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Red Baraat brings jazz with an Indian accent

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Brooklyn-based Red Baraat combines the music and cultures of the East and West. The group headlines Wine & All That Jazz on Saturday.
WANT TO GO?Wine and All That JazzWHERE: University of Charleston riverfront lawnWHEN: 2 to 10 p.m. SaturdayTICKETS: Advance $18, at the gate $20INFO: 304-345-0775 or www.fundfortheartswv.orgCHARLESTON, W.Va. -- Based on its sound, it may not always be apparent what fusion band Red Baraat is a fusion of, exactly.The group, which performs Saturday at Wine & All That Jazz, conjures up a melting pot of raucous sound. It's big, loud and fun. It can come across as maybe a little bit like Samba music from South America, a little bit like old New Orleans-style big band jazz or even a little bit like the music of the West Indies and Trinidad.None of that would be wrong, and Sunny Jain takes the references as a compliment, a tribute to the universal nature of music -- but that the band has those sounds is at least partly accidental.  Jain is Red Baraat's bandleader and plays the dhol (a two-headed Indian drum) for the group. He grew up in Rochester, N.Y., the son of immigrant parents from India, and was immersed in traditional jazz music. He said he listened to a lot of jazz drummers, like Max Roach, Surfer Brown, Silly Joe and others  "But I also grew up with a lot of Indian music and, of course, rock n' roll and some old Motown."As an Indian-American, Jain said there was never much question for him if he should mix the music and cultures of the East and West. Fusion came naturally, and early on, he started playing in bands that mixed the two.But he still wanted something that sounded different."So the band really came together with the intention of looking back at the brass band tradition in India." Jain said the tradition started during the period of European colonialism in the 18th century. Brass instruments like the bugle and trombone began showing up, along with the snare drum, but Indian musicians applied local rhythms to them.These brass bands still play on the streets in parts of India.
"What struck me was the cacophony of it," he said. "It wasn't a New Orleans sound or a Western jazz band sound, largely."The sound was raw and honest -- not because the musicians meant to play their instruments that way, but because they didn't know any other way to do it."I don't think the guys playing those instruments were well trained or schooled," Jain said. "They played more out of necessity, to make money. What always struck me was that sound and that rubbing of intonation, but also this immense spirit that is coming out."The sound was joyous, a celebration, which made Jain think of "baraat," the word for an Indian wedding procession.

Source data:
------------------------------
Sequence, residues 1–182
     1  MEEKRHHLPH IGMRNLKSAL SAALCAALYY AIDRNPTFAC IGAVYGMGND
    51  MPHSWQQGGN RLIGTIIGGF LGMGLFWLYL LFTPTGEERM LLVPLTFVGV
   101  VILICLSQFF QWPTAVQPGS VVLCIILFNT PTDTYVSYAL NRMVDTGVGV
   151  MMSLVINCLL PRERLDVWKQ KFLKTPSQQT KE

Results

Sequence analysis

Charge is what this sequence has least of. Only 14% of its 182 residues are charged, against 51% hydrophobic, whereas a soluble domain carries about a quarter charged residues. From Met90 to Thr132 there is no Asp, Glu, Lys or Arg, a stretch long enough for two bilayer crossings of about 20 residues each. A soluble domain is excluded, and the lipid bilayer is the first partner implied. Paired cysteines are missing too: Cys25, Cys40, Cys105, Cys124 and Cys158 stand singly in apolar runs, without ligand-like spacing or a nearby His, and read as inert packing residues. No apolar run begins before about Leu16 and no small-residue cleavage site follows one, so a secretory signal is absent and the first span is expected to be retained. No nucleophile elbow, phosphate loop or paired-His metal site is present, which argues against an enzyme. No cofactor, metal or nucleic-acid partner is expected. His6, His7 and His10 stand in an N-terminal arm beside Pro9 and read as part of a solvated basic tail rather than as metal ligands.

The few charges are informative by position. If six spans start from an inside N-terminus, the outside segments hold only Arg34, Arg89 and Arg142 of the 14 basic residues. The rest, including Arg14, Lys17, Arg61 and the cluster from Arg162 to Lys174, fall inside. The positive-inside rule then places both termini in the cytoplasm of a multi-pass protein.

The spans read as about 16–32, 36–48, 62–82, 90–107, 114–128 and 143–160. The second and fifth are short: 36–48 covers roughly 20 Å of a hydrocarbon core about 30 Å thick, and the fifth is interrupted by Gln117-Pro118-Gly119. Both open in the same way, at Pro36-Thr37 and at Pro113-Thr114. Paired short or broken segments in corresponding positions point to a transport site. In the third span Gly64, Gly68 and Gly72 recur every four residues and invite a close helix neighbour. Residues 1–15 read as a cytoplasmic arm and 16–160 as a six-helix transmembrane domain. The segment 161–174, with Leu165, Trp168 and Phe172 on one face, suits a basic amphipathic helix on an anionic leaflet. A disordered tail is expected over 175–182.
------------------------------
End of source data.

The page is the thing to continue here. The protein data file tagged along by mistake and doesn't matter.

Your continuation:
"But I really incorporated all the styles of music I grew up with in this band," he said. "I grew up with rock n' roll, hip hop and jazz. These are all key components for what we do."The music fits together. Punjabi rhythms, he said, has some similarity to swing. Red Baraat's music shares a similar buoyancy to New Orleans brass music.
"All of that music from the African diasporas fits in with the music of the South Asian diasporas," he said.Red Baraat is a fairly large musical ensemble, boasting nine players, but Jain said the point was never to create a big jazz band or even a jazz brass band with Indian rhythms."The goal was to create something reflective of my identity as an Indian-American."So the band is a mix of players reflecting very diverse backgrounds playing a mix of instruments from both the East and West.Jain said, "I was pretty specific about not just getting a bunch of jazz musicians -- that was my scene -- but I was trying to look beyond that so I could get different musical flavors and voices."The musical fusion of Red Baraat has excited critics and crowds all over the country. The band has played clubs, concerts and festivals, including Bonnaroo earlier this month, and performed at the White House."We didn't play for the president," he said. "But we did play in his house as part of a philanthropic meeting of Asian Americans and Pacific Islanders."It was still pretty cool."Saturday's performers for Wine & All That Jazz are the Steve Himes Connection, 2 p.m.; Dugan Carter, 3:30 p.m.; the Bob Thompson Unit, 5 p.m.; Christian McBride & Inside Straight, 6:40 p.m. and Red Baraat, 8:30 p.m.Reach Bill Lynch at or 304-348-5195.***The River Queen will make trips between Haddad Riverfront Park and the University of Charleston during Blues, Brews & BBQ on Friday and Wine & All That Jazz on Saturday. Admission is $3 for adults and free for children. You must have purchased or be willing to buy event tickets to exit at UC. FridayLeave Haddad: 7, 8:30 and 10 p.m.Leave UC: 7:45, 9:15 and 11 p.m.SaturdayLeave Haddad: 4, 5:30, 7, 8:30 and 10 p.m.Leave UC: 4:45, 6:15, 7:45, 9:15 and 10:30 p.m.
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